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I have made a recording inside a quite office (office noise) with the Zoom H6 mobile recorder and XY microphones and got the following spectrum from the signal:

Spectrum of office noise with Zoom H6, XY microphones

There is a peak at about 19.8 kHz. Even though I am not able to hear such high tones, I am pretty sure the tone is not present in the acoustic environment. I have seen the same tone from a USB audio interface connected to a smart phone.

I can use a filter to get rid of the tone, but I was curious why it is there.

Does anybody know where the tone comes from? And what is the purpose of this tone?

Thanks in advance

  • Did you try to make a recording with the same setup in another place? Is the peak at 19,8 kHz still there? – Nils May 18 '17 at 11:22
  • Hi Nils, Just after I posted the question, I started to doubt if the 19.8 kHz tone was present in the environment. Then we used a Bruel & Kjaer spectrometer and saw that indeed the 19.8 kHz tone is present in the office environment. I was surprised to see such a strong tone, and its present on the entire floor in our building. I don't know where it comes from, but it solves my question because now I know it is not coming from the recording equipment. – Costello May 18 '17 at 11:51
  • Please tell us if you find out where it's coming from. – Nils May 18 '17 at 12:13
  • I'm glad you figured it out - but in SE terms this isn't really an answer & should have been posted as a comment. The answer could [& still can] subsequently be tweaked from the further information provided. – Tetsujin May 18 '17 at 12:41
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    Rather unlikely, but it is right in the same frequency range that google nearby uses... :P developers.google.com/nearby/messages/overview – ScottF Jun 20 '17 at 15:34
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This 19.8kHz tone is usually produced by emergency audio systems, at least in my case (modern office building in Prague).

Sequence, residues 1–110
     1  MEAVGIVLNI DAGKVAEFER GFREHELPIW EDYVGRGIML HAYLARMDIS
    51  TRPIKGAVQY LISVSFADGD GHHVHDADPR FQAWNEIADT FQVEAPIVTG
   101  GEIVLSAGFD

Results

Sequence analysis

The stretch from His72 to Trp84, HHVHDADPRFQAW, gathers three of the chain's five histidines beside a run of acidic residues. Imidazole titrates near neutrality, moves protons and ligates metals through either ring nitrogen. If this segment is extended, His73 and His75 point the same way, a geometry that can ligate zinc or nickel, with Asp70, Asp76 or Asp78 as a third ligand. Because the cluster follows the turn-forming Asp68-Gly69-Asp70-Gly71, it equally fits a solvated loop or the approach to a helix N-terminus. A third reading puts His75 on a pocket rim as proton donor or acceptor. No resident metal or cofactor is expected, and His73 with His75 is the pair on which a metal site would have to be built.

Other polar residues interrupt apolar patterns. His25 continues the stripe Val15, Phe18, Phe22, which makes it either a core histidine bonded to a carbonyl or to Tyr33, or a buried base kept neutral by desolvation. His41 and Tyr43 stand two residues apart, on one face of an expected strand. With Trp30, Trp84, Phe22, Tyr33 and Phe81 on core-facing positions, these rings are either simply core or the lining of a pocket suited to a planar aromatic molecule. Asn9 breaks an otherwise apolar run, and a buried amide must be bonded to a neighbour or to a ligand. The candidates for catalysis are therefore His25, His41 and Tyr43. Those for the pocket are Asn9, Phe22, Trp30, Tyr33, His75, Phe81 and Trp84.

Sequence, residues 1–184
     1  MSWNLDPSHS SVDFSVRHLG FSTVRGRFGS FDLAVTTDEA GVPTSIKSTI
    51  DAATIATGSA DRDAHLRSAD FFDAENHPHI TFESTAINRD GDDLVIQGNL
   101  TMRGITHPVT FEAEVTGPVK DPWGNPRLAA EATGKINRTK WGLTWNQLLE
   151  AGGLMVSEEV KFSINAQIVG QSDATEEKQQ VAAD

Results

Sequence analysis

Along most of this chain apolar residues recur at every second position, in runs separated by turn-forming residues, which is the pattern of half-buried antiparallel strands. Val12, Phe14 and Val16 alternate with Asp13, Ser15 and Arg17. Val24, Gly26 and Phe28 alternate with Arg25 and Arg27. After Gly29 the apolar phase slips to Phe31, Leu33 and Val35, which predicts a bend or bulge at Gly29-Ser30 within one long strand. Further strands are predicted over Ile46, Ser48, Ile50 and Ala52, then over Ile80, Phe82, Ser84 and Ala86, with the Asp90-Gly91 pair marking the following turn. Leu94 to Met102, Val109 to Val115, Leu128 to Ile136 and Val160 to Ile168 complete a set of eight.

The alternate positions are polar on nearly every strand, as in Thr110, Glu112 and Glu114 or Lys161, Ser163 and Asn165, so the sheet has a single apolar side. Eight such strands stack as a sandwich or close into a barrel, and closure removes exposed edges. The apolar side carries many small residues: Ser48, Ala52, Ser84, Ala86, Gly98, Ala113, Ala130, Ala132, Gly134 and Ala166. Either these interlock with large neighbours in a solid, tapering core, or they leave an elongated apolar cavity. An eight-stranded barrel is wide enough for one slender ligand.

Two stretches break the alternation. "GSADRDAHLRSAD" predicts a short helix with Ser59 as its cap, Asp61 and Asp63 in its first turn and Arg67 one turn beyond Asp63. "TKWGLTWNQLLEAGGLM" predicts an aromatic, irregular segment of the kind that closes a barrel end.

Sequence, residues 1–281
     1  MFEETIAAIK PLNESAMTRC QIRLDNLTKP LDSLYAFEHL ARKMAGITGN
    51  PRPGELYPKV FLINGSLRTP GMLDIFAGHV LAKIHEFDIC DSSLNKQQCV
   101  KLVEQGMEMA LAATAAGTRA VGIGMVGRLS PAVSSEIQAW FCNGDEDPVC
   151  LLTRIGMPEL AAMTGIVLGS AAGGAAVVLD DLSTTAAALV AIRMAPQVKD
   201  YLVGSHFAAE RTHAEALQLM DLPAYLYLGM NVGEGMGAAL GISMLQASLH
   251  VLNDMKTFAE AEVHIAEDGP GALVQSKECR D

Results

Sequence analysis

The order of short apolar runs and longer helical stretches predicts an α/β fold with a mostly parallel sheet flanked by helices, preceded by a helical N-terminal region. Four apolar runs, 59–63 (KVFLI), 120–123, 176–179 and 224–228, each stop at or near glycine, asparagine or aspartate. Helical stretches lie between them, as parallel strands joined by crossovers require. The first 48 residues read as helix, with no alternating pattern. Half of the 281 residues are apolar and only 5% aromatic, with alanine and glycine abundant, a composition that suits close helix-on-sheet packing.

It's purpose is to comply with EN 54-16 standard which dictates that every emergency audio loop should be checked for integrity at least once per 100 seconds.

This is usually done using ultrasonic frequency (where the impedance is high enough so it's not influenced by contact resistances and temperature coefficient of resistance in wiring, is non-audible, and is still inside the usable bandwidth of PA). But, many (if not all) audio system manufacturers usually check it continuously, causing this annoying "phenomenon".

And yes, it's also repelling rodents and martens out of the building :-).

Just put the microphone close to the speaker in the ceiling, I bet this might be your case as well...

PC

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Sources for such a tone are DC/DC converters (these days, a whole lot of switching power supplies are likely candidates) and heating valves.

CRT monitors are no longer en vogue so probably not involved unless you are working in some CAD/artwork department still employing them.

If it's an entire office floor, you'll likely have several pieces of equipment with the same specs: LED lighting, WLAN routers, desktop computers, office laptops. On of the power supplies on them is likely to produce that frequency.

Or you have some computer virus doing air-gapped communication using almost-ultrasound.

Or you have an actual anti-infestation device designed to fend off rats, teenagers, and breast feeding.

  • Thanks, for the suggestions, we are still investigation this. – Costello May 26 '17 at 8:52

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